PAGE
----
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Friends see Hawaii, Ensenada

Lisa Ferrero, Darlou Yarborough, Joan Jensen, Cheryl Yarborough vacationed in Hawaii.

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NEW YORK (AP) — Cities across the Northeast mobilized snowplows and airlines canceled thousands of flights Monday as a potentially historic storm pushed its way up the Philadelphia-to-Boston corridor with what forecasters said could be up to 2 feet of snow.

More than 4,000 flights were canceled or delayed, schools planned to close early and a hospital in New York increased staff and outfitted its vehicles with snow traveling gear.

The National Weather Service said the nor'easter would bring heavy snow, powerful winds and widespread coastal flooding starting Monday and through Tuesday. A blizzard warning was issued for a 250-mile stretch of the Northeast, including New York and Boston.

A tractor-trailer jack-knifed, and a truck hauling beer crashed into the median on a section of Interstate 81 near Harrisburg, Pennsylvania, during the Monday morning commute, forcing officials to shut down the southbound lanes. No injuries were reported.

Some schools were planning to close early or not open at all Monday in Pennsylvania, New Jersey, New York and Connecticut.

"This could be a storm the likes of which we have never seen before," New York City Mayor Bill de Blasio said at a Sunday news conference in a Manhattan sanitation garage where workers were preparing plows and salt for the massive cleanup on about 6,000 miles of city roadways.

Connecticut Gov. Dannel P. Malloy ordered a travel ban on Connecticut highways, while officials in other states asked residents to avoid any unnecessary travel.

The Nassau University Medical Center on Long Island increased staff and outfitted vehicles with snow traveling gear. Hospital officials said they expect a large increase in patients as doctors' offices and clinics close due to the weather.

In Massachusetts, Gov. Charlie Baker warned residents to prepare for roads that are "very hard, if not impossible, to navigate," power outages and possibly even a lack of public transportation.

Boston's Logan International Airport said there would be no flights after 7 p.m. Monday, and did not expect to resume flights until late Wednesday.

Boston is expected to get 18 to 24 inches of snow, with up to 2 feet or more west of the city, and Philadelphia could see up to a foot, the weather service said.

The Washington area expected only a couple of inches, with steadily increasing amounts as the storm heads north.

"We do anticipate very heavy snowfall totals," said Bob Oravec, lead forecaster with the weather service in College Park, Maryland. "In addition to heavy snow, with blizzard warnings, there's a big threat of high, damaging winds, and that will be increasing Monday into Tuesday. A lot of blowing, drifting and such."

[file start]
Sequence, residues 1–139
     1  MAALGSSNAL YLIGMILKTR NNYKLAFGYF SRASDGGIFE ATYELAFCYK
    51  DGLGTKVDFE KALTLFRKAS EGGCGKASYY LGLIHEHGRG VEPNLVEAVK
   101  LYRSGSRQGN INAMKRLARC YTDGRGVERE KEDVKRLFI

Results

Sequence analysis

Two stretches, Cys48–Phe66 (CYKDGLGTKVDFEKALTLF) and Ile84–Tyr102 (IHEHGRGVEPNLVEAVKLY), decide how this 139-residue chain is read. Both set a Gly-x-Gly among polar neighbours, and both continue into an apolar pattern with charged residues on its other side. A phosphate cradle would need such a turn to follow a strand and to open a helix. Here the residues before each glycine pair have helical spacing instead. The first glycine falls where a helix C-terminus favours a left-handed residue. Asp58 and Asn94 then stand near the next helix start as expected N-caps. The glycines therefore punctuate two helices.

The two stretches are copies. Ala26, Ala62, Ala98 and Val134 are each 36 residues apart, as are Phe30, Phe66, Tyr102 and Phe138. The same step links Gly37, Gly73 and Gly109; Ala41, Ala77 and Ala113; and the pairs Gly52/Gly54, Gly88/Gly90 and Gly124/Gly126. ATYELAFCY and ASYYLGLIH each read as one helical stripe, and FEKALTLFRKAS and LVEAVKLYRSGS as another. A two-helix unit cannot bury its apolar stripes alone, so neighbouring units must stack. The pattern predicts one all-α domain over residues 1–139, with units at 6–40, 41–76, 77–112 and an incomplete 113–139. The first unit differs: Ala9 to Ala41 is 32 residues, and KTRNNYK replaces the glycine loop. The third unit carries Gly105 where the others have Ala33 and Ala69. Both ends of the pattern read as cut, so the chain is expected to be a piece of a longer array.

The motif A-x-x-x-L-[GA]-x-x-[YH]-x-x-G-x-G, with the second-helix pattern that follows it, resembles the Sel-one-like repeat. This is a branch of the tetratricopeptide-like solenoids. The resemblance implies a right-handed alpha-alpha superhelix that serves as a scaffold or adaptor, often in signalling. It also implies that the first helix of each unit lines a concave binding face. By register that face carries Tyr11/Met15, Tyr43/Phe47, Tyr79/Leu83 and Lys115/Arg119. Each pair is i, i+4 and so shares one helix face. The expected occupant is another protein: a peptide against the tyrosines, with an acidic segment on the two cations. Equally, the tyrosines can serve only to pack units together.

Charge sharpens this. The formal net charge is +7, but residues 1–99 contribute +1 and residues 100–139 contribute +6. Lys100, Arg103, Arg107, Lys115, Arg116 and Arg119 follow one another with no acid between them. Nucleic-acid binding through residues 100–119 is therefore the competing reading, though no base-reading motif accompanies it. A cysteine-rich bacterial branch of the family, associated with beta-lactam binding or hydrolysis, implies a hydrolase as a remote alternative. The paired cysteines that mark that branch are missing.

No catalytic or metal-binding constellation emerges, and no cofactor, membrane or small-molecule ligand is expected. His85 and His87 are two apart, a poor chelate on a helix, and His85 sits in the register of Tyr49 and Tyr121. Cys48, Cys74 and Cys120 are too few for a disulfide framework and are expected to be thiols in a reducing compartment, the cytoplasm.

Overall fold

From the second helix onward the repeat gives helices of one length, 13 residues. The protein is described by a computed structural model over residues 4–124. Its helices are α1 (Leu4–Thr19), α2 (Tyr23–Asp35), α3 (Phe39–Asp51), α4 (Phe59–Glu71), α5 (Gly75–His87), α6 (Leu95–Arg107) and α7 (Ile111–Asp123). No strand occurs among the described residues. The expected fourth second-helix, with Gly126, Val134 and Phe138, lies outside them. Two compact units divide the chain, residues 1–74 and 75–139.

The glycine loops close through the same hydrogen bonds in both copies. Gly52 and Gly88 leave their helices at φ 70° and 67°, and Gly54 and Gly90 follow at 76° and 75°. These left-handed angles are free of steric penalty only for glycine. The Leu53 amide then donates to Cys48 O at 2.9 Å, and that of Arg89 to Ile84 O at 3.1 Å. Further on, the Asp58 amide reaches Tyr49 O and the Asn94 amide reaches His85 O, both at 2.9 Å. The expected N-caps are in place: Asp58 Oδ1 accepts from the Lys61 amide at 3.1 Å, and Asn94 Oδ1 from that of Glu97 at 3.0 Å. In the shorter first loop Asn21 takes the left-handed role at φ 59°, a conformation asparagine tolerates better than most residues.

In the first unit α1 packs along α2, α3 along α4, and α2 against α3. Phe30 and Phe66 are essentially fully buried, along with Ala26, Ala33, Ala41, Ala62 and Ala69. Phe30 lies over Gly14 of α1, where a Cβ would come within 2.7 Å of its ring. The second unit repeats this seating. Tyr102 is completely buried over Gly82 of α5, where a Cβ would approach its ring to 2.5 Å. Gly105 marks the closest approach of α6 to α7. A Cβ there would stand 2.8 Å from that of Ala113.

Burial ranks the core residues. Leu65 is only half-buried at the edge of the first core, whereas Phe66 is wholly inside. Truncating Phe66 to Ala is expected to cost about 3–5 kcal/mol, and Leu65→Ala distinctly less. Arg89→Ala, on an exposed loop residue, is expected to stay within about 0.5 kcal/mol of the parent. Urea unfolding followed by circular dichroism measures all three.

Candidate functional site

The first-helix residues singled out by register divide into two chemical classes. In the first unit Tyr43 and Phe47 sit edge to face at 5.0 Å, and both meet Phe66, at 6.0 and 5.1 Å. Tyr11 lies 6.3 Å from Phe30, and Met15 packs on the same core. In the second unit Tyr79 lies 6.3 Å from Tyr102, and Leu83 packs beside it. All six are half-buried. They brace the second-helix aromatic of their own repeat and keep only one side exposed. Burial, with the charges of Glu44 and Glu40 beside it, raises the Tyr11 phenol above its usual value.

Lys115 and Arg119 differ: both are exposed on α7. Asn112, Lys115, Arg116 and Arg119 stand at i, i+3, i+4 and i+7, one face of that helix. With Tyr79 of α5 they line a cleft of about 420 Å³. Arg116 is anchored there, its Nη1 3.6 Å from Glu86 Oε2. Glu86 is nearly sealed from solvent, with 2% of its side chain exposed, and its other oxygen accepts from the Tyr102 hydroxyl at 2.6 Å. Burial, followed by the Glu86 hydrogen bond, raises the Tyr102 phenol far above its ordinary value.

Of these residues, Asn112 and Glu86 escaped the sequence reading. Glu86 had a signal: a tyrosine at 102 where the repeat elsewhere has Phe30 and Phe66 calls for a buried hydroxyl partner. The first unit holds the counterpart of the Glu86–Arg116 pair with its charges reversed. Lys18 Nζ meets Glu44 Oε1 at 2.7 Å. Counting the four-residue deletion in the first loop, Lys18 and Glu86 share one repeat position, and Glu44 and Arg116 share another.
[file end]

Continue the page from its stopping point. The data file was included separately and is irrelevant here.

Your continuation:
President Barack Obama, who is traveling in India, has been briefed on the storm, spokesman Josh Earnest said Monday. White House officials also have been in touch with officials from states "up and down the Eastern seaboard" that are in the storm's path, Earnest said.

Wind gusts of 75 mph or more are possible for coastal areas of Massachusetts, and up to 50 mph further inland, Oravec said.

A storm system driving out of the Midwest brought several inches of snow to Ohio on Sunday. A new low pressure system was expected to form off the Carolina coast and ultimately spread from the nation's capital to Maine for a "crippling and potentially historic blizzard," the weather service said.

New York Gov. Andrew Cuomo urged commuters to stay home on Monday and warned that mass transit and roadways could be closed before the evening rush hour, even major highways such as the New York Thruway, Interstate 84 and the Long Island Expressway.

In New York City, the Greater New York Taxi Association offered free cab service for emergency responders trying to get to work, and disabled and elderly residents who become stranded.

The New York Rangers decided to practice Monday afternoon at the Islanders' home arena on Long Island instead of at their own training facility just outside New York City. They'll stay overnight on Long Island for Tuesday's game against their rival — if it's still held.

The Super Bowl-bound New England Patriots expected to be out of town by the time the storm arrives in Boston. The team plans to leave Logan Airport at 12:30 p.m. Monday for Phoenix, where the temperature will reach the high 60s.

___

Associated Press writers Pat Eaton-Robb in Hartford, Connecticut; Bruce Shipkowski in Trenton, New Jersey; Deepti Hajela in New York; Albert Stumm in Philadelphia; and Marcy Gordon and Darlene Superville in Washington contributed to this report.

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